SA, Mozambique talk security

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South African defence and security officials yesterday met their Mozambican counterparts to discuss fighting piracy, transnational crime and corruption. The third session of the Republic of South Africa – Republic of Mozambique Joint Permanent Commission on Defence and Security Ministerial met at the Sheraton Hotel in Pretoria yesterday.

“The commission noted the successful deployment of and conducting of joint naval and air patrol[s] on the Mozambique waters [sic] that it has significantly reduced piracy activities. To support this effort a Memorandum of Understanding (MoU) was signed by the two countries which to enhance the effort to combat piracy activities,” the SA Department of Defence says in a statement. “The commission further emphasised the importance of involving Tanzania in an effort to deal with piracy along the east coast and urged that given the urgency of the matter, the Trilateral MoU on Maritime Security between the RSA, Mozambique and Tanzania must be finalise[d] as soon as possible.

The South African delegation was led by Minister of Defence and Military Veterans Lindiwe Sisulu and included Nkosazana Dlamini-Zuma, Minister of Home Affair; Siyabonga Cwele, Minister of State Security; Thabang Makwetla, Deputy Minister of Defence and Military Veterans; Andries Nel, Deputy Minister of Justice and Constitutional Affairs; MM Sotyu, Deputy Minister of Police and senior Government Officials.

The Mozambique delegation was led by Filipe Jacinto Nyusi, Minister of National Defence; Honourable Gregório Leão, General Director of the State Security Service; Jose De Jesus Mateus Pedro Mandra, Deputy Minister of the Interior and senior government officials.

In addition to piracy, the commission deliberated on a wide range of issues pertaining to defence, public and state security “and noted with satisfaction the progress made in these areas”. It also reviewed progress made in the implementation of resolutions passed at the 2nd Session of the South Africa – Mozambique Joint Permanent Commission on Defence and Security held in Matola, Maputo Mozambique in 2009.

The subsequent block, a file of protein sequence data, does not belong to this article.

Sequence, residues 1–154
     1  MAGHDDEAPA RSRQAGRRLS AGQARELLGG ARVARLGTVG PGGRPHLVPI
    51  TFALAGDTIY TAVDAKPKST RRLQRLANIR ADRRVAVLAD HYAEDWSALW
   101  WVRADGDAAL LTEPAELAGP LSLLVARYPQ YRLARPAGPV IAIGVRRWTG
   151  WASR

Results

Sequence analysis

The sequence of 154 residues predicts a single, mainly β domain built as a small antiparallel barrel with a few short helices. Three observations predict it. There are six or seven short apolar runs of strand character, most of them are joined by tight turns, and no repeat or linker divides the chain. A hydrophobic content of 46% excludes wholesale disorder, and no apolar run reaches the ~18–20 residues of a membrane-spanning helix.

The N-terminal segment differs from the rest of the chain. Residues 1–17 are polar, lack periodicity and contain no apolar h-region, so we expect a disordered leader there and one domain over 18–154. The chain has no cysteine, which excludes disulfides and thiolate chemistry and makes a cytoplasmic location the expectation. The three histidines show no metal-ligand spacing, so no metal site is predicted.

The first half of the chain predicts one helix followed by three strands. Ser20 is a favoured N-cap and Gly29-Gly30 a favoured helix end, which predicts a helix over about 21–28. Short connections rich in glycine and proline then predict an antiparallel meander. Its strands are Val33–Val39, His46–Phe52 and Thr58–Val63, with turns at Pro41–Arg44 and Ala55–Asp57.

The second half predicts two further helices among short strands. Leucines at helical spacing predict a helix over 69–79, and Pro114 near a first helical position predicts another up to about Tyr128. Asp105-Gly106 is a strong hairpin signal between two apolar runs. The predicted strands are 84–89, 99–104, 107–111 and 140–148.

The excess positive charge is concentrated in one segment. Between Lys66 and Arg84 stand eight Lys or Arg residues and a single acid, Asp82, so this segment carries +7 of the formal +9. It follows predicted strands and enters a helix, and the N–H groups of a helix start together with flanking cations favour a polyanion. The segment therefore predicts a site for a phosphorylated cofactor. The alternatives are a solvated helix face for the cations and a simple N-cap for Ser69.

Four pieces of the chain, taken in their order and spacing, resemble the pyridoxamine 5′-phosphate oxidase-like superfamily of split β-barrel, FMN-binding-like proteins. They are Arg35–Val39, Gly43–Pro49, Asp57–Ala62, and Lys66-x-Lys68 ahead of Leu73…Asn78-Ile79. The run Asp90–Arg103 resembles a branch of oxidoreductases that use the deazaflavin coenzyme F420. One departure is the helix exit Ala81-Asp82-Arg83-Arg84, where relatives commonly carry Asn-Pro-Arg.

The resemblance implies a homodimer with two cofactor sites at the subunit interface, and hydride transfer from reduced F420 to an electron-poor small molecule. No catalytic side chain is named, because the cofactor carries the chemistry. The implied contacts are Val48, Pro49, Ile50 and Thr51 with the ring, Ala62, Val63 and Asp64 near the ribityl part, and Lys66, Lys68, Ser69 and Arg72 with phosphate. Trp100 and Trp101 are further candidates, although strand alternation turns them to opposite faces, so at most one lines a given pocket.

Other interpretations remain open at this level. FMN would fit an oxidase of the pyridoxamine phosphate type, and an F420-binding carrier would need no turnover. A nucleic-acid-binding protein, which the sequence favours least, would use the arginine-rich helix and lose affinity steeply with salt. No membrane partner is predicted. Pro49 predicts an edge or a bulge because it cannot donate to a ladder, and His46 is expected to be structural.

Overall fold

The commission underscored the need to conduct joint operations to curb various forms of crimes. These crimes include theft and vehicle smuggling, stock theft, smuggling of illicit goods, fire arms and ammunition and non-ferrous metal. The commission further recommended that the sharing of intelligence and information must be strengthened in order to curb drug trafficking and determine the routes and trends followed by drug traffickers.
“The commission underlined the need that rhino poaching be considered a priority crime for joint operations. That a Technical Committee must be formed to finalised a strategy to protect wildlife, which should be done by the end of February 2012 and that the Technical Committee must report back on progress in the next meeting [sic].”

Concerning the influx of illegal migrants into SADC region, the commission urged the law enforcement agencies of the two countries to exchange information on the movement of illegal immigrants and to formulate common strategies. These should include the enactment of legislation dealing with human trafficking and irregular migration.



The commission expressed satisfaction with the commitment and cooperation demonstrated by the security sector and called on it to continue to nurture this relationship for the benefit of the two countries. It further noted the significant achievement by the public security sector in dealing with the transnational crimes and urged all law enforcement agencies to intensify anti-corruption strategies.